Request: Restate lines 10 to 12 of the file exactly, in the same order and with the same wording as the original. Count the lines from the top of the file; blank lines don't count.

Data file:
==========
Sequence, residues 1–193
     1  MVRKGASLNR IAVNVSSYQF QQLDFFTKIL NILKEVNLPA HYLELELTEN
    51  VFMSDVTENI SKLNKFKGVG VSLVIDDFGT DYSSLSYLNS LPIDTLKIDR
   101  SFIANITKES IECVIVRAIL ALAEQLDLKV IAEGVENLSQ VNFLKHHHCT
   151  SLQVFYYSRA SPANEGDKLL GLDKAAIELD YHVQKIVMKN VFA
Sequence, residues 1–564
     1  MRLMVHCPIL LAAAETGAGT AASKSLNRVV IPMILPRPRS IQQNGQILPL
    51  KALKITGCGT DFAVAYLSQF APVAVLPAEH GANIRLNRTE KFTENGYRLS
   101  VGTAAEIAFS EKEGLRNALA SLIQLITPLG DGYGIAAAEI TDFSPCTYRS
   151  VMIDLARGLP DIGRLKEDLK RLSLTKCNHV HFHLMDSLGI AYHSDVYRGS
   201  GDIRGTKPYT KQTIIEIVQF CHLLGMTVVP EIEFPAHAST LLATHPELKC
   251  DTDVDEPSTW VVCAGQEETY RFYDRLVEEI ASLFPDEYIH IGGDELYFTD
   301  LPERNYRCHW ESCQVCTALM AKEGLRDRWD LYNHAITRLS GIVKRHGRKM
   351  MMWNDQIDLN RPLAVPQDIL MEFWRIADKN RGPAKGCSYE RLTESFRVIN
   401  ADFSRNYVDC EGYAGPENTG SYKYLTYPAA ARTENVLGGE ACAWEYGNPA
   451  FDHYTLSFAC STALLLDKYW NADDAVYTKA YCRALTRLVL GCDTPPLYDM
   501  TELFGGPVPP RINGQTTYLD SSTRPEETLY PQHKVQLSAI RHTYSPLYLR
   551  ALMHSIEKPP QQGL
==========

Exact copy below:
   151  VMIDLARGLP DIGRLKEDLK RLSLTKCNHV HFHLMDSLGI AYHSDVYRGS
   201  GDIRGTKPYT KQTIIEIVQF CHLLGMTVVP EIEFPAHAST LLATHPELKC
   251  DTDVDEPSTW VVCAGQEETY RFYDRLVEEI ASLFPDEYIH IGGDELYFTD